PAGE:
“Let’s send a clear message to Congress: It’s time to provide America’s children with real food at school. We are asking participants to bring a dish to the Eat-In. But to really get the point across to budget-conscious administrators and politicians, we are issuing the following challenge.
Please try to bring a dish to share that:
• Is nutritious and uses whole foods (not processed foods)
• Costs less than $20 to make
• Is delicious to kids
12:00 Event open
12:15 Welcome and remarks by Professor Janet Poppendieck (author of the upcoming book, Free For All: Fixing School Food in America), 11th grader Marcia Foster, New York City Council Member Letitia James and New York State Senator Eric Adams
3:00 Eat-in closes”
3) There’s an Eat-In in Williamsburg, Brooklyn, at Bridget (20 Broadway between Dunham Pl. & Kent Ave), from 12-3pm:
“We’re having a free screening of the documentary, What’s On Your Plate, a kids’ cooking demonstration from the team at Growing Chefs, as well as a raffle with great prizes from local vendors (all you have to do to enter is write a super simple letter to Congress).”
(Hint: Growing Chefs is directed by agricultural education whiz Annie Novack, who also co-founded Eagle Street Rooftop Farm. So if you haven’t gotten to meet her on the roof yet, this is a great chance to see her in action. Also, this event is co-organized by Michelle of The Epi-Cure, and the raffle prizes are donated by Heritage Farms, Marlow & Sons, The Brooklyn Kitchen, Urban Rustic & many more.)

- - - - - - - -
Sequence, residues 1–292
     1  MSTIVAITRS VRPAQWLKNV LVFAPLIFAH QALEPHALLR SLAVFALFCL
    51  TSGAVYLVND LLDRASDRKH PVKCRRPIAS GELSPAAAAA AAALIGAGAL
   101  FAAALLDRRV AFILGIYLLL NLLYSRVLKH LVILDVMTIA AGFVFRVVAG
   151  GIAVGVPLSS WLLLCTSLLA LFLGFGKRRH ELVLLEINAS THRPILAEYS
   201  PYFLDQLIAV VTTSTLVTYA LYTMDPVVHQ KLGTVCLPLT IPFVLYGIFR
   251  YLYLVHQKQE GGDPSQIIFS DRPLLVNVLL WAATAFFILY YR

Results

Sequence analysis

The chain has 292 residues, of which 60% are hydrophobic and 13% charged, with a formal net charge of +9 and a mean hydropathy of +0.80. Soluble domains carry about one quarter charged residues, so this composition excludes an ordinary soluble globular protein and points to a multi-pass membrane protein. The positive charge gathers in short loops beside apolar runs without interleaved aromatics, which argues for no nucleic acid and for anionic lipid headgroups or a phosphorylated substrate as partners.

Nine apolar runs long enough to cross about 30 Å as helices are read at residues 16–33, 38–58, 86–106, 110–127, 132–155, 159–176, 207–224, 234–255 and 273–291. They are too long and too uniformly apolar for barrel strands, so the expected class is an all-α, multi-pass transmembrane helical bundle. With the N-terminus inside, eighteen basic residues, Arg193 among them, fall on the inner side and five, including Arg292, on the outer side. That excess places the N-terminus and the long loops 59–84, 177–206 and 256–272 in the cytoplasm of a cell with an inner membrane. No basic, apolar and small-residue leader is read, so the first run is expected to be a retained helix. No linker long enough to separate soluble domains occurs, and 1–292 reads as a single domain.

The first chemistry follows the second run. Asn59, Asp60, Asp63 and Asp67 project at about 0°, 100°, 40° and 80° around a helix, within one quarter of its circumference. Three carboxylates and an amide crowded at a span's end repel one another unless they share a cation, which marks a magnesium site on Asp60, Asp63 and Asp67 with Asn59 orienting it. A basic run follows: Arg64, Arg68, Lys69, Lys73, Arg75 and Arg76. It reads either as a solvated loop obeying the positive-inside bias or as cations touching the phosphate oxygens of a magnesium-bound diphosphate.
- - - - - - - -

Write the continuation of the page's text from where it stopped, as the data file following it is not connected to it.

4) Ladies Who Lunch is throwing a local-themed Eat-In at The Bell House in Gowanus, Brooklyn (149 7th Street), 3-7pm (event info):
“In support of Slow Food’s “Time for Lunch Campaign”, Ladies who Lunch formally invite you to a back-to-school block party featuring an extraordinary local foods potluck. Our goal is to showcase healthy local lunches, write letters and make calls to our legislators in support of the Child Nutrition Act, and have FUN starting fall off on a healthy note!
–Your (homemade) local dish
–Raffle with Local Prizes (5pm!)
–Letter Writing Campaign for Kids & Adults!
–Drink Specials: $1 pints of Sixpoint from 3-5pm, 2-for-1 drinks at the bar from 5-7PM
–4-square, hopscotch, hula hoops and more!
Come one, come all (adults and children of all ages). Come HUNGRY for healthy local fare.”
5) Park Slope, Brooklyn is having a kid-friendly Eat-In, too, at 6/15 Green Community Garden (6th Avenue and 15th Street), 3-5pm:
“A potluck plus a screening of a short video made by students at PS 295 about their experience growing food at the garden for use in their school’s cafeteria.
Students from PS 295 are stewards of two community plots there, where they grow vegetables and herbs for a meal program at a seniors’ center (the produce gets delivered by teh kids, and this relationship has led to the creation of Greenthumb school garden behind the seniors’ center. Students also grow food for the Garden to Cafe project (a collaboration of NYCDOE, SchoolFood, NYS Dept. of Agriculture, Greenthumb, Cornell Cooperative Extension and Added Value whose purpose is to bring more student-grown food into NYC school cafeterias. About 20 schools citywide participate — it’s a great program.”